More shoppers out during the holidays means more opportunities for shoplifting and thefts, according to Reynoldsburg police Lt. Scott McKinley.

More shoppers out during the holidays means more opportunities for shoplifting and thefts, according to Reynoldsburg police Lt. Scott McKinley.

"This time of year, we see shoplifting arrests go up from what we see typically the rest of the year," he said. "We have had more this year, there's no doubt, and some are multiple arrests with the same situation."

Community liaison officer Scott Manny said the department is gearing up for a busy season. Seven volunteer officers will cruise business districts throughout the city, including Taylor Square, over the next few weeks. In addition, he said, he maintains e-mail contact with a number of block watch captains who keep an eye out for crime in various neighborhoods.

Manny said theft is the No. 1 crime police are concerned with during this time of the year.

"Theft from vehicles definitely increases this time of year at major shopping venues, such as Walmart and Home Depot, places like that," he said. "They have such huge parking lots and it unfortunately affords that criminal element the opportunity to see a lot of cars quickly without being noticed."

Both officers said common sense is key to prevention.

"This time of year, there are more people out shopping and that offers more opportunity for thefts and shoplifting to occur," McKinley said. "Like anyone else, criminals want to get gifts for the holidays and so that means they have go out and commit a theft to get them."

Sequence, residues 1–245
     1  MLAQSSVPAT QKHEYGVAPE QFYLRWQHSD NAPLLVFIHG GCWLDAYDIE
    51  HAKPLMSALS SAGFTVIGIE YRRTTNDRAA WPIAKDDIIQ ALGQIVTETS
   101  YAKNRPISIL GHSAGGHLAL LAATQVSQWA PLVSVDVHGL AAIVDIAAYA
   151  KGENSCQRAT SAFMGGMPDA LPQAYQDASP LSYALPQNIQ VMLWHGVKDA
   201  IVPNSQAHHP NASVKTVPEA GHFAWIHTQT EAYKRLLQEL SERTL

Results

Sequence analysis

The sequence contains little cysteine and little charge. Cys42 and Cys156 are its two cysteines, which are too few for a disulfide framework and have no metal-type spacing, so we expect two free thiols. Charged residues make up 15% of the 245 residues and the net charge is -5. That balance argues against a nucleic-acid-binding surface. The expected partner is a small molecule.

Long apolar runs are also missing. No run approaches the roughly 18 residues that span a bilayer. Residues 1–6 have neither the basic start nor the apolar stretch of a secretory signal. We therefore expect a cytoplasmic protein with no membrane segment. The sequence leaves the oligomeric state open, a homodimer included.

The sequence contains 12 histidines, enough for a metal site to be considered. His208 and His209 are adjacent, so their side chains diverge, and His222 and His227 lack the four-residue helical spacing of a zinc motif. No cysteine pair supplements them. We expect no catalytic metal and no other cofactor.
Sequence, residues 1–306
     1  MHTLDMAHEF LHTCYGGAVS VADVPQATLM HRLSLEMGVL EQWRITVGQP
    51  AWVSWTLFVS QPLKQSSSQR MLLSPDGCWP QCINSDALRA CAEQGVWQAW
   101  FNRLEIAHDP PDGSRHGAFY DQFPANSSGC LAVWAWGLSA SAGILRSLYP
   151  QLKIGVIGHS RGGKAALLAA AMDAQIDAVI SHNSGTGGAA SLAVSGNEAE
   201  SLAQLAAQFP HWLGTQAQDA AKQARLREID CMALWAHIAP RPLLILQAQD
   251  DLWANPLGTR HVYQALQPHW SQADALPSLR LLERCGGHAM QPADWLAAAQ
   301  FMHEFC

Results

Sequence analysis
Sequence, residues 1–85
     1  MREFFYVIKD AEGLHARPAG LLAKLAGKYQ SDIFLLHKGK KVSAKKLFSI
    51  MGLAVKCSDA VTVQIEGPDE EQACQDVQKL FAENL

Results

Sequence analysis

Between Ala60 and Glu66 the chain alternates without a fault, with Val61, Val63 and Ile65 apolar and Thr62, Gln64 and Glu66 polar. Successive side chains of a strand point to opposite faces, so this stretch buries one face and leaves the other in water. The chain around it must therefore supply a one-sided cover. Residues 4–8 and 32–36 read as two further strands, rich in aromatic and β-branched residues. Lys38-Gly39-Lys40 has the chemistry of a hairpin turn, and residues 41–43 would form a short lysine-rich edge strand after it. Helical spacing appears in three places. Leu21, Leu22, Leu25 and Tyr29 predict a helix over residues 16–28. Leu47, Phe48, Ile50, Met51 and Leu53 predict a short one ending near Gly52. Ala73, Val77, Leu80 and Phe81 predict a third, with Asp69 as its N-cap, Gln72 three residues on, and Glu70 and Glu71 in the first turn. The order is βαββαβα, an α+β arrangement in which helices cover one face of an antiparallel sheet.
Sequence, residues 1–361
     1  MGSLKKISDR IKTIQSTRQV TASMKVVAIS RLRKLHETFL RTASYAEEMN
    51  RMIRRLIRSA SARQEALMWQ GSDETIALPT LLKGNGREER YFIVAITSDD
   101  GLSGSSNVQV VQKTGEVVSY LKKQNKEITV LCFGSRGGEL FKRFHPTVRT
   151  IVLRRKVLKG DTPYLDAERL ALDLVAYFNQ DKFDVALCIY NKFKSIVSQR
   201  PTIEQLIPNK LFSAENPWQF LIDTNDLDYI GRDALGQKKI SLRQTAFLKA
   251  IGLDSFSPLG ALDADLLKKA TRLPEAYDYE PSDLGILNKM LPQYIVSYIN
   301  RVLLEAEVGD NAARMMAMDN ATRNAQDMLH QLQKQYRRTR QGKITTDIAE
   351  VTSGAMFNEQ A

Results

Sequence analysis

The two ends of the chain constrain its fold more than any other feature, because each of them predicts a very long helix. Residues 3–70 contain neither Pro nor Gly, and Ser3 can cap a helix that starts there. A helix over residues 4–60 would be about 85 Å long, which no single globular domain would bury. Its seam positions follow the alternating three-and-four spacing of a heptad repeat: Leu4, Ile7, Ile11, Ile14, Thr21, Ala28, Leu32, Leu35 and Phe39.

He said more people carry around more merchandise and cash, which equates to more opportunity for robbery or theft.

"If you look at it from the criminal standpoint, what they are looking for is the quickest easiest access to something to steal," Manny said. "Anything that looks of value should be put in the trunk of the car, and keep wallets and purses secured and close to yourself. Don't carry a lot of cash or a high number of credit cards -- in other words, carry the bare minimum."

Manny said thieves are looking for unlocked cars or valuables in plain view such as laptop computers, gifts, shopping bags and GPS systems.

"Criminals are doing a quick scans of cars through parking lots to see what they can find right away in a car," he said. "A smash-and-grab can happen in seconds if they see a $600 laptop computer, it might be worth smashing that window stealing it and be gone."

Shoppers who who sees someone who looks suspicious near their vehicles should not go near the vehicles, he said.

"Fortunately, the one-on-one, person-to-person type crimes, the strong-arm robberies, are a lot less frequent, but what we see the majority of is theft from vehicles," he said. "You can call police or go back in the store, and use the buddy system as much as possible. If you don't have that opportunity to have a buddy system, try to walk out with someone else nearby."

Manny said residents should call police if they see anything that seems strange.

"Definitely call about people who are walking through a parking lot looking into cars, anything out of the ordinary definitely give us a call that gut feeling tells you something," he said. "We've had major crimes solved by just innocuous information. You just never know."

Theft from a vehicle is a minimum first-degree misdemeanor for anything valued at less than $500. Anything above that is a felony, he said.

Being convicted of a first-degree misdemeanor carries a maximum sentence of six months in jail and a $1,000 fine. The sentence for a felony conviction is determined by a judge.